Since 2013, Arjen van Beek has been director of Louwman Exclusive, the car dealer for Morgan, Maserati and McLaren in a beautiful building on the A2. Arjen has a notable background in the automotive world. But every top executive has had support along the way. Curious who was the wheelbarrow for Arjen? You can read that in the interview below. Photo header: John van Helvert
Interview: Annelies Keus

What was your very first job?

“During my studies, I imported clothes from France together with a friend. We literally went to the shops with a bag on our backs. We used to enter those shops as boys and hope that you could show your collection. It often worked!”

Who was your wheelbarrow?

“That was my father. He was a car dealer and I helped in the business as a child. I come from an entrepreneurial family, so that was normal for us. Actually, I didn't intend to continue with it at all, but eventually the moment of follow-up came and that's how I got into it. I took over the company one by one.”

How important is networking?

“Connections are very valuable, that applies to everyone. I sold my company at the time to get rid of 'my wheelbarrow'. I suddenly had an enormous drive to gain my own position. I was in my mid-thirties when I sold everything and started paving my own path. That was the moment when networking really started to count for me. It's all about who you know.”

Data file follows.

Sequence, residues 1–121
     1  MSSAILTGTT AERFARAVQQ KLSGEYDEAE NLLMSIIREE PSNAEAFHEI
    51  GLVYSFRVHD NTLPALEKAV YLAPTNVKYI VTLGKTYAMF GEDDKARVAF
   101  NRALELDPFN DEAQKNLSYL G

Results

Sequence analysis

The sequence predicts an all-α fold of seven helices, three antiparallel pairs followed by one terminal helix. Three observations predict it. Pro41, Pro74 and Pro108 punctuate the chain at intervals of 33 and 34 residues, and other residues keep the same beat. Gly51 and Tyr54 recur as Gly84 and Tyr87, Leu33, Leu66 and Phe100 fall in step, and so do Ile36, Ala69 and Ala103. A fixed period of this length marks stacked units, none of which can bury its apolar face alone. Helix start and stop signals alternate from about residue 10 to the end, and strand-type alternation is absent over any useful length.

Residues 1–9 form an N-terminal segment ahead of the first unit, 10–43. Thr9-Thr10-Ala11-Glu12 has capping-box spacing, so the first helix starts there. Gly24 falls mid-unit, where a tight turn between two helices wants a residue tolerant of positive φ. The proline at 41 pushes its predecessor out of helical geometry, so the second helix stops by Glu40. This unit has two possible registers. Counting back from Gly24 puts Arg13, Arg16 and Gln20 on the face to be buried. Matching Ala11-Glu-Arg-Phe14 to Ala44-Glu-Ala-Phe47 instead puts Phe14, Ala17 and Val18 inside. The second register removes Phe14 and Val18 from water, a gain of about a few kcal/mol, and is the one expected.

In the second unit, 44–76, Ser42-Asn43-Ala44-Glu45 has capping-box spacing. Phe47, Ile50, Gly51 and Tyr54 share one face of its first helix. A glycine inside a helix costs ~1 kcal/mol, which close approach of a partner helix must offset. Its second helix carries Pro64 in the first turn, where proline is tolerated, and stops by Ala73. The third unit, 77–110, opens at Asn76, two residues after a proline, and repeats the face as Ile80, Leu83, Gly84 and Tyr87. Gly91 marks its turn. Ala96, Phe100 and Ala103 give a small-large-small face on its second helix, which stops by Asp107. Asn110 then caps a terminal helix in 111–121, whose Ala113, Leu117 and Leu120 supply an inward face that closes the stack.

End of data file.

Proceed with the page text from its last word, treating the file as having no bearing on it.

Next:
What's the stupidest thing you've ever done in your career?

“Blindly investing with two people who have already worked together for 20 years. Even though you are on an equal footing, it remains difficult.”

What advice would you give to your 18 year old self?

“Follow your heart more often instead of on autopilot.”

What advice would you give to others?

“Make informed choices. People who have just graduated often take the first job where they click, instead of thinking about 'what do I really want' and 'what are my ambitions and dreams'. When you are young you have relatively few obligations, so use that time to take a chance.

Do you see yourself as a wheelbarrow?

“If you expect to be able to hire good employees later, you have to invest in opportunities for young people to learn the trade. In my opinion, as a company you are obliged to do so.”